/ Q&A

Is Stock Trading Gambling?

Is stock trading gambling? Yes and no. Stock trading is gambling in the sense that certainty is not guaranteed. At the same time, assuming you’re investing in a financially savvy way, stock trading is nothing like gambling since, unlike gambling, the odds favor the investor and it’s not a zero-sum game.

Let’s start by looking at why stock trading and gambling are so often compared.

The Uncertainty of Stock Trading and Gambling

When people compare stock trading to gambling, what they are often referring to is the uncertainty that comes with stock trading. You can’t purchase a stock for $100 and know that this time next year that it will be worth exactly $107. Instead, you should buy a stock with the belief, based on strong fundamentals or a sound trading strategy, that the value of the stock will increase, but accepting the fact that you could be wrong.

Uncertainty is also not limited to individual stocks. You also can’t know precisely how the market will perform. Attempting to base financial decisions on when you think the ups and downs of the market will occur is known as timing the market and is hard to do, and costs most investors money. Some of the market’s best days have happened during bear markets. When you pull your money out of the market entirely, you miss out on much of the rebound that has historically occurred.

While both stock trading and gambling have some level of uncertainty, a key difference is that though stock trading does not come with specific guarantees, it’s also not pure chance. It’s about calculating the level of risk and reward.

Investing vs. Speculating

Perhaps the biggest misconception about the stock market rests on a misunderstanding of risk. All investing involves risk. But the level of risk depends mainly on how you choose to invest. Much like how casinos have some games with better odds than others, some stock trading has better odds than others.

We can think of stock trading as falling into two main buckets, which we’ll call investing and speculating. The most significant difference is that investing takes a calculated approach and speculating does not. What do I mean by calculated? I mean basing investment decisions on specific metrics, such as past performance, a company’s balance sheet, and other quantitative measures using your risk tolerance and time horizon. This calculated approach isn’t foolproof, but it has very little in common with high stakes gambling.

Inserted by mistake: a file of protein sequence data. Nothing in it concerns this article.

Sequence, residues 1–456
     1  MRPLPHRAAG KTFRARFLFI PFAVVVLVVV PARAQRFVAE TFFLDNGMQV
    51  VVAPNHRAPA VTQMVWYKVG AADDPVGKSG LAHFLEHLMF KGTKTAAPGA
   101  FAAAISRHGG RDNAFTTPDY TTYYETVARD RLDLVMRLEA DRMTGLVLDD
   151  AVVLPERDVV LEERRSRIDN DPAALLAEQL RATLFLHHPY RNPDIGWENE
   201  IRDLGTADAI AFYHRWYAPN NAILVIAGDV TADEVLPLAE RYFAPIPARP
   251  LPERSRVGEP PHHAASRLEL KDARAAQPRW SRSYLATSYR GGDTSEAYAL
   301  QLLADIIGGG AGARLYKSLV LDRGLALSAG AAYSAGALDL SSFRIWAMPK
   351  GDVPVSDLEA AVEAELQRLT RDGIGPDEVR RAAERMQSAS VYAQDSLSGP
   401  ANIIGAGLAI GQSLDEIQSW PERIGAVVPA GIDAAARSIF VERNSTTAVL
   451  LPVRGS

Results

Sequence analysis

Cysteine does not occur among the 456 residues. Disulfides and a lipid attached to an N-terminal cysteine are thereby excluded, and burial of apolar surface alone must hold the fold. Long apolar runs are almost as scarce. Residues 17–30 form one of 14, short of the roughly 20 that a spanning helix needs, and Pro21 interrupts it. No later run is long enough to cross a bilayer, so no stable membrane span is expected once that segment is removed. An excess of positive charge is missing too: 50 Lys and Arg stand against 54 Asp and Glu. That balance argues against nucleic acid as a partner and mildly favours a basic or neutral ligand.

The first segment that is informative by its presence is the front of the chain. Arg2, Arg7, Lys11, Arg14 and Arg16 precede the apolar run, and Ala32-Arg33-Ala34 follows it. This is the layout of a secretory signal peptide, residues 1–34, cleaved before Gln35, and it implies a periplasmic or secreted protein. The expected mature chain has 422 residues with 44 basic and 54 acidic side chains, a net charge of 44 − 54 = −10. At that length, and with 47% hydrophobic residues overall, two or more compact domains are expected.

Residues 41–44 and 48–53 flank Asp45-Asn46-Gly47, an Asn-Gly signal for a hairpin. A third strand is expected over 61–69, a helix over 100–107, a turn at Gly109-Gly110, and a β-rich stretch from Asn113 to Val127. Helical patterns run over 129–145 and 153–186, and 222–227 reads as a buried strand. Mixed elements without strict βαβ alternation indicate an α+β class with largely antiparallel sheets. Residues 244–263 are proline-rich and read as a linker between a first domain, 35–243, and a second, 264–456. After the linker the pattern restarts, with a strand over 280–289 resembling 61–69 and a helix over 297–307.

The other type of stock trading we’ll refer to as speculating. This is the type of trading that pays little mind to the calculated approach and is much closer to gambling. Speculative trading can occur in a variety of ways, but what all speculative trading has in common is that it’s based on emotion instead of reason.

An investor who is jealous of friends with more money and decides to put his entire retirement savings into an incredibly high-risk investment is speculating. An investor who is terrified by the stock market crash and pulls all her money out of the market is speculating. An investor who buys the overpriced, hot new stock because he doesn’t want to miss out is speculating.

It’s often not the decision itself that defines speculative investing, it is the lack of any calculated approach and instead, a reliance on emotions that makes these decisions speculative investing. These are the decisions that have far more in common with gambling. Investing, on the other hand, takes a more calculated approach that balances risk and reward.

Can You Avoid Risk Completely?

Even using a calculated approach, many people feel uncomfortable with any level of uncertainty when it comes to their money. They would prefer not to invest and therefore avoid any uncertainty or risk, but this strategy backfires. Even if you keep your money hidden under a mattress, you’re still opening yourself up to risk. For example, thanks to inflation, you would have less purchasing power, which means you could purchase less with the same amount of money. Thought about in this way, you would have lost money by attempting to protect it.